As a result of recent large-scale data breaches, the amount of personal information available for purchase on the dark web has emboldened identity thieves to perpetrate application fraud — a popular type of banking fraud in which a crook uses your personal information to apply for a credit card or other bank account in your name. That’s why online users are usually required to provide some form of valid government-issued ID, such as a driver’s license, passport or ID card. In other words, they leverage the ID as a trust anchor since it’s still one of the most trustworthy forms of identification available and often includes embedded security features such as watermarks and holograms.
Remember, Face ID maps a user’s selfie to their Apple ID, which is nothing more than an email address, which hardly qualifies as a trust anchor. This means a cybercriminal can create an Apple ID and purchase an iPhone X and associate their face with it. They can then use that Face ID to authenticate themselves to popular apps. While fraudsters typically don’t want to associate their real picture with the company they’re looking to defraud, it still happens. The cyber thief can easily claim to be John Smith on 123 Maple Street in Bristol, Connecticut, but where’s the real proof of their digital identity?
Another key consideration for using Apple Face ID for online transactions is whether or not you want to stay within the confines of Apple’s “walled garden” ecosystem. Companies that adopt Face ID as their authentication methodology can use it to enable Apple Pay, allow transactions in iTunes or within Apple’s App Store. But, if you’re looking to leverage this technology for other financial or online institutions, you’ll need an authentication solution which works seamlessly across different devices, platforms and technologies.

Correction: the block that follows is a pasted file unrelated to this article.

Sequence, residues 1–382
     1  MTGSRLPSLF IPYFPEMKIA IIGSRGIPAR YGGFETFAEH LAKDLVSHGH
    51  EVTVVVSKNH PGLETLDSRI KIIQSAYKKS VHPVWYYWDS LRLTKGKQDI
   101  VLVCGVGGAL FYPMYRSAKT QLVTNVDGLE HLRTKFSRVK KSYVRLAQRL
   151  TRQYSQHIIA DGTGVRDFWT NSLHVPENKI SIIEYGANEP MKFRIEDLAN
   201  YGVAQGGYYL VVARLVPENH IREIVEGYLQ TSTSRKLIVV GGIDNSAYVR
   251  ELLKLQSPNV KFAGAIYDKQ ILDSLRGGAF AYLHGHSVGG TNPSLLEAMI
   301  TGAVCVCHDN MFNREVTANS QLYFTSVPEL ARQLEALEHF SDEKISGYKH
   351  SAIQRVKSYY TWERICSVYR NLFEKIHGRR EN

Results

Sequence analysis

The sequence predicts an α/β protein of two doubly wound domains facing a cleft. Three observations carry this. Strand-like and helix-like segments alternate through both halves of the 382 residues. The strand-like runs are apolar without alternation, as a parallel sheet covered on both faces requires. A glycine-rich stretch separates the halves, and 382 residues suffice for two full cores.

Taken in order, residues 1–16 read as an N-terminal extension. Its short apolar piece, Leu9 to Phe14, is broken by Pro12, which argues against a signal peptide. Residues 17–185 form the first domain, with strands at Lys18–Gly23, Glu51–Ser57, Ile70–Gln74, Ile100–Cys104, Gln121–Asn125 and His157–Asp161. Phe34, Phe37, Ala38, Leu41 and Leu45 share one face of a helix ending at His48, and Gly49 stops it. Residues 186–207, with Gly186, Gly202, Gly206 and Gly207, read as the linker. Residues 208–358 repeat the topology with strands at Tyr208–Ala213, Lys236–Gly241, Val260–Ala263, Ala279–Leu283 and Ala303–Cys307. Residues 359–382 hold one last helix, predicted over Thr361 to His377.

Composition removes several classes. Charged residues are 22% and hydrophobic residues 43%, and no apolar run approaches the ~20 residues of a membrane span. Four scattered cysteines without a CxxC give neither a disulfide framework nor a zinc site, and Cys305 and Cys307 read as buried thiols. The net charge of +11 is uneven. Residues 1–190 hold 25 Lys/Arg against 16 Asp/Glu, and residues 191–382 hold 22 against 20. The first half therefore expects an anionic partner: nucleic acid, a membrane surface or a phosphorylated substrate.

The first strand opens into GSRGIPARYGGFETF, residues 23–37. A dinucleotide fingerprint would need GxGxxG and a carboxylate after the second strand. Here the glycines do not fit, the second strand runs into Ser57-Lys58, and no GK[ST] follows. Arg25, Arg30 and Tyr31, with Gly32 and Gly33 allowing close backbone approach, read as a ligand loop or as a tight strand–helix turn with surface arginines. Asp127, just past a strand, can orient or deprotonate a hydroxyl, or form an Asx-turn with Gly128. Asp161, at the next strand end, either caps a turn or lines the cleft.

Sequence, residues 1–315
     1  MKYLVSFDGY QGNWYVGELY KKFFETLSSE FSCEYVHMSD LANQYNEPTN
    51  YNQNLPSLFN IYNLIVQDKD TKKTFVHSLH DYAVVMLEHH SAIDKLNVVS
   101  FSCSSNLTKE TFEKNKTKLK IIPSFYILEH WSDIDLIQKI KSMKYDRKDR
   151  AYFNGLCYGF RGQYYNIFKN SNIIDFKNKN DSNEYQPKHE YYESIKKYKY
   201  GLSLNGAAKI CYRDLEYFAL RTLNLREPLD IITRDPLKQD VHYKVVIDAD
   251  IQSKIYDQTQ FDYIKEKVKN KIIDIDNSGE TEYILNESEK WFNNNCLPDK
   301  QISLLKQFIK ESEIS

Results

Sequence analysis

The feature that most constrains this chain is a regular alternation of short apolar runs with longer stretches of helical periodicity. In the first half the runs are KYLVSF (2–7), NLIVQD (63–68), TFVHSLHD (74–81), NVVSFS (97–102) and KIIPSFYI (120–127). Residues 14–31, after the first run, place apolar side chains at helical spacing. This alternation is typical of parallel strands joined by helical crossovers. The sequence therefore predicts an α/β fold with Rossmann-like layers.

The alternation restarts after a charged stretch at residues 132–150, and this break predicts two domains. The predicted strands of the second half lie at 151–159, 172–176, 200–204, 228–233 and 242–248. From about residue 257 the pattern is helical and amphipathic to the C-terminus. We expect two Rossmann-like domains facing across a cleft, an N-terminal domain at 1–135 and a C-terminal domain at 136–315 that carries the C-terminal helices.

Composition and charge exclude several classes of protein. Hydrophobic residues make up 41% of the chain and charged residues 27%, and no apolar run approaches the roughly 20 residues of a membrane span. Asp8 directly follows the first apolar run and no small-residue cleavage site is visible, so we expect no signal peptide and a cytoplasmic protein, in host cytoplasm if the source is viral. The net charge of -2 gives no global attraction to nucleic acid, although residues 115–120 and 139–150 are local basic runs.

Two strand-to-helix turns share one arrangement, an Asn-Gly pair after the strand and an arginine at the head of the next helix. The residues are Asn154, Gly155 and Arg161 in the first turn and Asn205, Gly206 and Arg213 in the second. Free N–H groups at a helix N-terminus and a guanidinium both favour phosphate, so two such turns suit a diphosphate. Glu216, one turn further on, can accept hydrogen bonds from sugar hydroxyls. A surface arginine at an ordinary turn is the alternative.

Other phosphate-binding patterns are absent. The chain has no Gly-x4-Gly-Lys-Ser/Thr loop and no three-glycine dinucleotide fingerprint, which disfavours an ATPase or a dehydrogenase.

Paralleling the recent growth of Face ID has been the growth in biometric-based identity verification.
Face ID vs. Biometric-Based Identity Verification: What’s the Difference?
Biometric-based identity verifications, like ours here at Jumio, start with identity proofing and requires the user to capture a picture of their ID document along with a corroborating selfie. During the selfie-capture, Jumio creates a 3D face-map (which is similar to Apple’s facial mathematical representation). But now the 3D face-map is tethered to the trust anchor – the person’s verified ID. When future authentication is required, either for logging in or to authorize high risk transactions (e.g., password resets, wire transfers, unlocking rental car doors, etc.), the user just captures a fresh selfie and a fresh 3D face map is recreated and compared to the baseline 3D face-map for instant authentication. Same basic principle as Face ID but now it’s fortified by the trust anchor. By performing this type of online identity verification, companies can also scale their online transactions beyond Apple’s “walled garden” ecosystem.
Sadly, the vast majority of financial institutions still rely on legacy authentication processes to power customer identity verification. That’s why we need to be careful about overhyping the potential of Face ID and ensure that apps embed some form of online identity proofing, upfront, into the account setup process before they put all their trust in Face ID.